The same for Quadry Jones, the redshirt freshman from Jones High School, who is also talented enough to merit playing time. Mike Bianchi, orlandosentinel.com, "Why UCF should stick with Dillon Gabriel as starting QB against Stanford | Commentary," 30 Aug. 2019 AP Photo/LM Otero As the Trump administration continues to gut environmental protections, the killing of an endangered whooping crane is still egregious enough to merit federal prosecution. Justin Rohrlich, Quartz, "What kind of animal would shoot a whooping crane?," 29 Aug. 2019 Those have to be merited -- through the course of the season, through the course of games. Ira Winderman, sun-sentinel.com, "ASK IRA: Will Erik Spoelstra be discriminating with age?," 26 Aug. 2019 The Boston prosecutors continued their investigation, more convinced than ever that the RBS conduct merited a criminal charge. Jesse Eisinger, ProPublica, "How Trump’s Political Appointees Overruled Tougher Settlements With Big Banks," 4 Aug. 2019 Those advocates also expressed concerns that the families who were ordered deported in their absence from court may have not been properly informed about their court date and could merit having their cases reopened. Daniella Silva, NBC News, "ICE arrests 35 in operation targeting 2,000 migrants with deportation orders," 23 July 2019 One ingredient, however, proved unique enough to merit further experimentation. Paul Stephen, ExpressNews.com, "Holy guacamole are avocados expensive! Here are 4 other green dips," 24 July 2019 But Cannon said the current charges are too severe to merit bond. Erin Schilling, ajc, "Cherokee County woman denied bond in husband’s murder," 17 July 2019 But the judge said neither incident was serious enough to merit a reprimand or, ultimately, being fired. Hugo Martin, latimes.com, "A judge orders Terranea to rehire a cook who spoke out in favor of unionizing," 2 July 2019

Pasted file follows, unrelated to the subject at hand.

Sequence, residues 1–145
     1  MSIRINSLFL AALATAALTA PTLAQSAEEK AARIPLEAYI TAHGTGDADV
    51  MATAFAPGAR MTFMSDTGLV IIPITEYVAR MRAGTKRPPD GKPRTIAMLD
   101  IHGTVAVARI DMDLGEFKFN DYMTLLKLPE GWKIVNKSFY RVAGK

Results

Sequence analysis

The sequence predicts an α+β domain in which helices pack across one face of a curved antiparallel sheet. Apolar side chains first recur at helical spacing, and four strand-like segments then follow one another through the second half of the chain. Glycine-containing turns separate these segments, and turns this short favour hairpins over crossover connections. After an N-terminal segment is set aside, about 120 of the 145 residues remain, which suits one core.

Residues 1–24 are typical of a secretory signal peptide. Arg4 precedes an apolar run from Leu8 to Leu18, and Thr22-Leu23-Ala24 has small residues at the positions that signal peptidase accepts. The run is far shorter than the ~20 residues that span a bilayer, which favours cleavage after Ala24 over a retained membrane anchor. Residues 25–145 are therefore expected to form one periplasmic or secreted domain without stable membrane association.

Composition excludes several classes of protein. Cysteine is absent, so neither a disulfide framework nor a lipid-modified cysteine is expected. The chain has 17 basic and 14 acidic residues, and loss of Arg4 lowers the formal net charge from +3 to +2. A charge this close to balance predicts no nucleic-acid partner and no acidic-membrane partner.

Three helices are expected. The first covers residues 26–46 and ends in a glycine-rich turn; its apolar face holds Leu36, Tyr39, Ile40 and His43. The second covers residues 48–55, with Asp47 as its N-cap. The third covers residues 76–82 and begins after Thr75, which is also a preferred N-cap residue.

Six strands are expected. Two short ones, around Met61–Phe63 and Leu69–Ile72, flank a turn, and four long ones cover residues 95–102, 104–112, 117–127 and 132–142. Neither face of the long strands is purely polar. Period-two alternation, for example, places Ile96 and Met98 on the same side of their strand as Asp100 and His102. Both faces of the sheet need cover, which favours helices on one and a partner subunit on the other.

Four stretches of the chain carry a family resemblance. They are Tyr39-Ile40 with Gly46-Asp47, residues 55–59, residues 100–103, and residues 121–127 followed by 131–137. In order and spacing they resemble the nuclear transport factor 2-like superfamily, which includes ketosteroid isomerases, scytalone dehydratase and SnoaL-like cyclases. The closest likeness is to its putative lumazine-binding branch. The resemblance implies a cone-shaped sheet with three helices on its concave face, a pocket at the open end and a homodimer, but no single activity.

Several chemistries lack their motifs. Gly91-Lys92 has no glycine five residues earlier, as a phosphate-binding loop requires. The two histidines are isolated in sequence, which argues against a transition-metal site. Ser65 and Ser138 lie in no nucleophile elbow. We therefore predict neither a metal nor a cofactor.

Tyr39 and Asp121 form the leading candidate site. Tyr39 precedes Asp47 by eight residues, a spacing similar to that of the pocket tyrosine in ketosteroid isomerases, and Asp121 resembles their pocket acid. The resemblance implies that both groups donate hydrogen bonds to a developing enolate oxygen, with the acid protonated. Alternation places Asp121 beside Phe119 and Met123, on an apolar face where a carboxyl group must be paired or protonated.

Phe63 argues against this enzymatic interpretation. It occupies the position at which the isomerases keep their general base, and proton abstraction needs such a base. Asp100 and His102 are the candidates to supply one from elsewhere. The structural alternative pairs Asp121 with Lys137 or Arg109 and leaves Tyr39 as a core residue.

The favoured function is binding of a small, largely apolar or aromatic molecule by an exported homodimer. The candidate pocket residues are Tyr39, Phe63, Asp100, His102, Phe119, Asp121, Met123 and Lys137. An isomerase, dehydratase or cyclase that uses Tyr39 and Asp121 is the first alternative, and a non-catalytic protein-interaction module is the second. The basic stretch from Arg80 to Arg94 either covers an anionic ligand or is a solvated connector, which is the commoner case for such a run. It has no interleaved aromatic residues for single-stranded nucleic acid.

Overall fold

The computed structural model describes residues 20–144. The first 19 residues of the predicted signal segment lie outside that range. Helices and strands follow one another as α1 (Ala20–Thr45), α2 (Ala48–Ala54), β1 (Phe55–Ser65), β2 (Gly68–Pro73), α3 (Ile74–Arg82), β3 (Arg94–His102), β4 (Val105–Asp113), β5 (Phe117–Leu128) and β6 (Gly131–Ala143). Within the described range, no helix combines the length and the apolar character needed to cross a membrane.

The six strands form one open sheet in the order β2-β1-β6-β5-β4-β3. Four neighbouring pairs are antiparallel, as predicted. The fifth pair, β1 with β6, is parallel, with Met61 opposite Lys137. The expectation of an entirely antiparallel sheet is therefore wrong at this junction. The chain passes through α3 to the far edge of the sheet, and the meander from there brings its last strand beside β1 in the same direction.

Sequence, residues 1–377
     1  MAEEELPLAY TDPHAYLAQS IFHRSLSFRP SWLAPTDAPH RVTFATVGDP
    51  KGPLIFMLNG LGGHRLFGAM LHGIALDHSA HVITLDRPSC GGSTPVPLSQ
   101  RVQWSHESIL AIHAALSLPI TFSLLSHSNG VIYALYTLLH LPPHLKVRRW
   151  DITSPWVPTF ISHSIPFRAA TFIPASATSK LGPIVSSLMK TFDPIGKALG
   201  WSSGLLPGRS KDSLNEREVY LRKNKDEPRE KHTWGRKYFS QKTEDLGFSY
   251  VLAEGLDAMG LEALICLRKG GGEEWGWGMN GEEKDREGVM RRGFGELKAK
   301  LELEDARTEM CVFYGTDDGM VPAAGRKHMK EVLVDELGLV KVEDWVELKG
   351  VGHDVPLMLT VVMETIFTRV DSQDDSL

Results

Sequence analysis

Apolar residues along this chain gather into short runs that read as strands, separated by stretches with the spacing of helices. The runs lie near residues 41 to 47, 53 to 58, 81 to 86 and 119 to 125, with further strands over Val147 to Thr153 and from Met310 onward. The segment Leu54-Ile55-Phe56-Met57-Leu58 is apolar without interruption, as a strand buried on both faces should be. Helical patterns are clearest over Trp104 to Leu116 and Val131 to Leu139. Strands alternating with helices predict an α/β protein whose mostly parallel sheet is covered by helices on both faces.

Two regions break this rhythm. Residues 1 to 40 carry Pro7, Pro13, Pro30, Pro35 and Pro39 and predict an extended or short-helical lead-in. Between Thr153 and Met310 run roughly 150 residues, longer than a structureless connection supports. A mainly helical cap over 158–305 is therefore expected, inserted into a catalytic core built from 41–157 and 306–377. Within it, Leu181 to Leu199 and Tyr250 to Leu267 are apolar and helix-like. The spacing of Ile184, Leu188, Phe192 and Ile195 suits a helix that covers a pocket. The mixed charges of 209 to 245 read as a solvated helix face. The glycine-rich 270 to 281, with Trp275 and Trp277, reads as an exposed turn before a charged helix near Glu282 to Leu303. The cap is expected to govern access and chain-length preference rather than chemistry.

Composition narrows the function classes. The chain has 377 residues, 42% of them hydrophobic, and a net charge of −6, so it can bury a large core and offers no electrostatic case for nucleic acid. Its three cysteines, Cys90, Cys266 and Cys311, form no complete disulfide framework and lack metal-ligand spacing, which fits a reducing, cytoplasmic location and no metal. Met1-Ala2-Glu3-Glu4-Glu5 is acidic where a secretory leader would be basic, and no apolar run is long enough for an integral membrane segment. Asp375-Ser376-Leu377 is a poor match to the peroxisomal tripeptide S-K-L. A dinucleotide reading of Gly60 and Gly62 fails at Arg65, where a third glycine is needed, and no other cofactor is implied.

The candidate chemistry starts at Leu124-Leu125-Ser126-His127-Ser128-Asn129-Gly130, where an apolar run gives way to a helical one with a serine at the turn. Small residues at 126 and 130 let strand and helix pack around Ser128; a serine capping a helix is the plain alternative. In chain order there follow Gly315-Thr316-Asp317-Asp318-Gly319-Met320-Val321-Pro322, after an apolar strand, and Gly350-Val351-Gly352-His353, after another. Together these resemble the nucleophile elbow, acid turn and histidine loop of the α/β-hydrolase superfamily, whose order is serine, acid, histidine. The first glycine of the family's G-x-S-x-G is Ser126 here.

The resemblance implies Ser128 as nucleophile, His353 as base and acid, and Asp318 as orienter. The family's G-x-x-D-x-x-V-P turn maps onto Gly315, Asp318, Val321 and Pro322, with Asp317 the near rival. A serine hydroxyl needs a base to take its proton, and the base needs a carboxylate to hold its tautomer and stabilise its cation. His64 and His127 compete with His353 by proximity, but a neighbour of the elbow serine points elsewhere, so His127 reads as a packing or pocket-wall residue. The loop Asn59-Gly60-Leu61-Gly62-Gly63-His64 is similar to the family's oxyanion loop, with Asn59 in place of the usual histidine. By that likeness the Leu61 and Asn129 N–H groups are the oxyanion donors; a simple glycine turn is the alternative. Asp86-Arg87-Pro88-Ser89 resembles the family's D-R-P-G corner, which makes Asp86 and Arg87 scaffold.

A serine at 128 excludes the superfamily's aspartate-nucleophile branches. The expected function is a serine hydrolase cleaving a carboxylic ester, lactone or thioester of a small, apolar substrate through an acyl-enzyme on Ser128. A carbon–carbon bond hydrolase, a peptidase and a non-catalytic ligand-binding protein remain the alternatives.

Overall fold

These example sentences are selected automatically from various online news sources to reflect current usage of the word 'merit.' Views expressed in the examples do not represent the opinion of Merriam-Webster or its editors. Send us feedback.

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First Known Use of merit

Noun

14th century, in the meaning defined at sense 1c

Verb

1526, in the meaning defined at transitive sense

History and Etymology for merit

Noun and Verb

Middle English, from Anglo-French merite, from Latin meritum, from neuter of meritus, past participle of merēre to deserve, earn; akin to Greek meiresthai to receive as one's portion, meros part

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Statistics for merit

Last Updated

17 Sep 2019

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Time Traveler for merit

The first known use of merit was in the 14th century

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More Definitions for merit

merit

noun

English Language Learners Definition of merit

 (Entry 1 of 2)

: a good quality or feature that deserves to be praised
formal : the quality of being good, important, or useful : value or worth

merit

verb

English Language Learners Definition of merit (Entry 2 of 2)

: to deserve (something, such as attention or good treatment) by being important or good

merit

noun
mer·​it | \ ˈmer-ət How to pronounce merit (audio) \

Kids Definition of merit

 (Entry 1 of 2)

1 : the condition or fact of deserving reward or punishment Students are graded according to merit.
2 : worth entry 2 sense 1, value “Your suggestion has merit,” he said.— Lloyd Alexander, Time Cat
3 : a quality worthy of praise : virtue the merit of honesty

merit

verb
merited; meriting

Kids Definition of merit (Entry 2 of 2)

: to be worthy of or have a right to Both ideas merit further consideration.

merit

noun
mer·​it | \ ˈmer-ət How to pronounce merit (audio) \

Legal Definition of merit

1  plural : the substance of a case apart from matters of jurisdiction, procedure, or form a ruling on the merits of the case — see also judgment on the merits at judgment sense 1a
2 : legal significance, standing, or worth an argument without merit

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More from Merriam-Webster on merit

Rhyming Dictionary: Words that rhyme with merit

Thesaurus: All synonyms and antonyms for merit

Spanish Central: Translation of merit

Nglish: Translation of merit for Spanish Speakers

Britannica English: Translation of merit for Arabic Speakers

Comments on merit